First, look at the bale on the wine bottle to learn as many details as possible. You should see the producer, year, variety or type, origin, the size of the bottle, and other details.
Once you have this information, hit the web for some research. Start by looking for comparables or “comps.” Since the price of any given wine bottle can fluctuate on any given day, looking at comps will show you what your bottle is selling for the day you research. Each bottle of wine is initially decided by how much a buyer is willing to pay for it from an existing seller (the fair market value).
If you search online for comps, you will probably be able to find other bottles of the same wine, and if you can’t, you could have a really good problem on your hands.
Just find a bottle close to the one you are evaluating. You can use sites like:
Consult a Professional
If you come up with a number from your research, it’s a great starting part, but it’s not a stopping point. You will want to get professional opinions to confirm the value of your wine.
Many factors are at play, including provenance, physical condition, critical acclaim, production quality, etc. If you believe your wine is valued at $250 or more, it’s probably worth consulting a professional.
You want someone with deep knowledge of the wine market and the pricing for specific vintages and winemakers. Appraisers often determine the value of wines by reviewing receipts of where it was bought and asking for details about how it has been stored and inspecting the wine in person.
They will look to see if there is ullage or if the label or foil sleeve has been damaged. Furthermore, because there are wine forgeries at play, appraisers are very particular in examining each wine bottle to confirm that its characteristics match and that the label is original.
Understand that you could pay for a professional valuation appraisal, and these rates could lower your selling price if you find a buyer. Because of this, it typically isn’t worth it to get a single bottle appraised.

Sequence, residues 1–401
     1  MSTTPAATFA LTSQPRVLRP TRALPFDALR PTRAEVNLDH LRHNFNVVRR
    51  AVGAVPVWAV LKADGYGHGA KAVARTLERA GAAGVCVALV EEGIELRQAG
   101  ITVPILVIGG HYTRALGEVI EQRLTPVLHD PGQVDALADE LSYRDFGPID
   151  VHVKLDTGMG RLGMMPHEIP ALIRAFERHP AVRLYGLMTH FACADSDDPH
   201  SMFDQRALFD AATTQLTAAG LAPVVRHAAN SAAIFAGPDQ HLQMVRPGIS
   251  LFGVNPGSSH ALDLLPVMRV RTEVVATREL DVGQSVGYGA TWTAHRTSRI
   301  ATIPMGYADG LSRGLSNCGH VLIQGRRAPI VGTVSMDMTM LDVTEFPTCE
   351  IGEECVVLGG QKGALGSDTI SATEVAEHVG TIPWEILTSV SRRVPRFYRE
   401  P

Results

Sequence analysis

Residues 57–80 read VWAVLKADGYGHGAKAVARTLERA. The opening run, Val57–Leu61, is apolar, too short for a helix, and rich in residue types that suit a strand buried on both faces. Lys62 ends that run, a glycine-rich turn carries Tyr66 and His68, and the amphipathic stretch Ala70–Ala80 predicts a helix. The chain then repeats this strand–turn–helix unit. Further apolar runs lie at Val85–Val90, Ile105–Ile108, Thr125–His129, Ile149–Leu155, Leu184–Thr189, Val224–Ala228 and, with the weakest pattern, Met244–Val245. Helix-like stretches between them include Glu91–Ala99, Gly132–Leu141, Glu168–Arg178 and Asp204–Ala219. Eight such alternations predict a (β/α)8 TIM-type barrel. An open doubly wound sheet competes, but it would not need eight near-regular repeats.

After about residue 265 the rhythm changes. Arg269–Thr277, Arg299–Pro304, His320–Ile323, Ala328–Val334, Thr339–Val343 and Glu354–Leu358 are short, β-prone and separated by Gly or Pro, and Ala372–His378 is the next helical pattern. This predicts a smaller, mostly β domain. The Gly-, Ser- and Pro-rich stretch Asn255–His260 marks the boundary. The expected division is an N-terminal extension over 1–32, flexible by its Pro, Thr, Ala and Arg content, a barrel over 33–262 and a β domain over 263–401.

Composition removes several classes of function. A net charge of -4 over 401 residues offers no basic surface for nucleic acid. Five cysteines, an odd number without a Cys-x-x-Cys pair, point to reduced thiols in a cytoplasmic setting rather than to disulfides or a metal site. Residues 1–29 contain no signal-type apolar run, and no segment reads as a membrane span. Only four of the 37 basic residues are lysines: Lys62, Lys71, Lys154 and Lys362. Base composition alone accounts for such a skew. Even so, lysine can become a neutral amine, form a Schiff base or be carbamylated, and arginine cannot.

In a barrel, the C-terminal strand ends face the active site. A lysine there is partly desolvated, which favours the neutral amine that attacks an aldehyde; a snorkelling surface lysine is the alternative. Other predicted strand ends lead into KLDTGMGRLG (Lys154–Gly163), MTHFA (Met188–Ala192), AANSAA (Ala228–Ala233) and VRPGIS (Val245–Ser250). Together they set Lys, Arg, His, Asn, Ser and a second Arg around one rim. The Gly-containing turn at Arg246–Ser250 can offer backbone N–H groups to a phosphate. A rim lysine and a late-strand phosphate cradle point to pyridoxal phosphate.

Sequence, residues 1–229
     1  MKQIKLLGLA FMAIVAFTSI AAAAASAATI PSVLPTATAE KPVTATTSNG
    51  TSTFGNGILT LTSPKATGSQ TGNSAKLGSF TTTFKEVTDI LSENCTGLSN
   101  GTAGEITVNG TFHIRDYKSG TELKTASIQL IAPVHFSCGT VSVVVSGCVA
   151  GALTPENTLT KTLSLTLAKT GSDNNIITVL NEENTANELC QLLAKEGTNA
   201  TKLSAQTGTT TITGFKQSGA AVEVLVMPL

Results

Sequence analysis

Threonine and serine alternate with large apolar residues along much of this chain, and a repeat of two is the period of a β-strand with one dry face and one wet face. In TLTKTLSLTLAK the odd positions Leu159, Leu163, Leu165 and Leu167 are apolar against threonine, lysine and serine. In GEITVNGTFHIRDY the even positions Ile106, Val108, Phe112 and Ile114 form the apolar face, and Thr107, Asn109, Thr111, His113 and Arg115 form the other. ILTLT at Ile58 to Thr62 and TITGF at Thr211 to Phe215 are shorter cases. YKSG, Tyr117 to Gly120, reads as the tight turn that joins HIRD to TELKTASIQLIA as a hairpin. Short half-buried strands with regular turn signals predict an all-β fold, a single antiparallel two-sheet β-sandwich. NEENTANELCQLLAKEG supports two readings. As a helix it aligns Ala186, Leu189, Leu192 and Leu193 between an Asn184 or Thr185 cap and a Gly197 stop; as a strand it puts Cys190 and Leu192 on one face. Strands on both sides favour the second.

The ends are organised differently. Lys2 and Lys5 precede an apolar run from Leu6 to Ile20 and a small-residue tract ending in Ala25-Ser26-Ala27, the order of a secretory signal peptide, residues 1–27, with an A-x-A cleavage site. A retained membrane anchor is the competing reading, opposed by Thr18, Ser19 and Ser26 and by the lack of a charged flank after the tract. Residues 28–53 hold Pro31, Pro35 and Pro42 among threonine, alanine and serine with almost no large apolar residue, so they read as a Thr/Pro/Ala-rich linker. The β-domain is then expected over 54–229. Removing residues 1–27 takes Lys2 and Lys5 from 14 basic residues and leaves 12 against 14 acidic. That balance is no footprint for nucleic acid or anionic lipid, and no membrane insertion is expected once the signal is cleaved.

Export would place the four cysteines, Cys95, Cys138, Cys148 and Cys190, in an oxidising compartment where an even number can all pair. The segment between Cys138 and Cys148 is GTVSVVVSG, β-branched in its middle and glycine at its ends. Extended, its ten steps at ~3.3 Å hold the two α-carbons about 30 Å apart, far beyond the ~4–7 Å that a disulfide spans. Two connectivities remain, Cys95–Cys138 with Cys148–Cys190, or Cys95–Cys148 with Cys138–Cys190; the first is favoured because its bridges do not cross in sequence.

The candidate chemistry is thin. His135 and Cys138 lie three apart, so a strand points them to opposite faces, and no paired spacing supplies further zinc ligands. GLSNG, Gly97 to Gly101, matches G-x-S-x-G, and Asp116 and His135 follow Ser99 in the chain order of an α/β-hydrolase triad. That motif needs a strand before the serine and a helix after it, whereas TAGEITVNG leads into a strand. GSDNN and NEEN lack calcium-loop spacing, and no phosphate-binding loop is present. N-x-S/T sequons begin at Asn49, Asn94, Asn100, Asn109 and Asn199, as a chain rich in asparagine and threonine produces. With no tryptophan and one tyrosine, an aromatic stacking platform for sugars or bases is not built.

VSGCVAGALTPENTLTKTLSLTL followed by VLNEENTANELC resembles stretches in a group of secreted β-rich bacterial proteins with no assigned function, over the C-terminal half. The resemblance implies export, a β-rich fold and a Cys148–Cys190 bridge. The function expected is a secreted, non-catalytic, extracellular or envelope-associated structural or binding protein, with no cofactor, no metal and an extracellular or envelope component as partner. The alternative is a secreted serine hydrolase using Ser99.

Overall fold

Consider an Auction
Another way to determine the value of wines is to participate in a wine auction. Often, you can get an auction estimate for free. If you are handling an extremely valuable bottle, many appraisers will offer to provide a valuation and advise you on selling options without charging you a fee. But, be aware that auctions tend to charge buyers extremely high fees, so purchasing prices can be lower than those on the open market. It is only recommended to sell extremely rare or sought after wines that might start a bidding contest and thus improve profits via an auction house.
Or, you could go through an auction site, assuming you could meet the minimum per consignment. Even if you don’t want to sell through these sites, they can be excellent places to find comps.
So, what do you do with that special bottle of wine? Whether you want to sell it or are just curious, it’s a good idea to determine how much it’s worth. Remember all the factors that influence the value of wines, and consider the tips above for finding out how much you could sell your fine wines for. Join the exciting world of wine investing and let Vint help you build a top-notch collection.
Sources: 2020 Burgundy: Classic Wines From an Extreme Season | World of Fine Wine What Is a Master Sommelier? How to Become a Wine Expert | MasterClass Bottle Fill Level Abbreviations | Wine-Searcher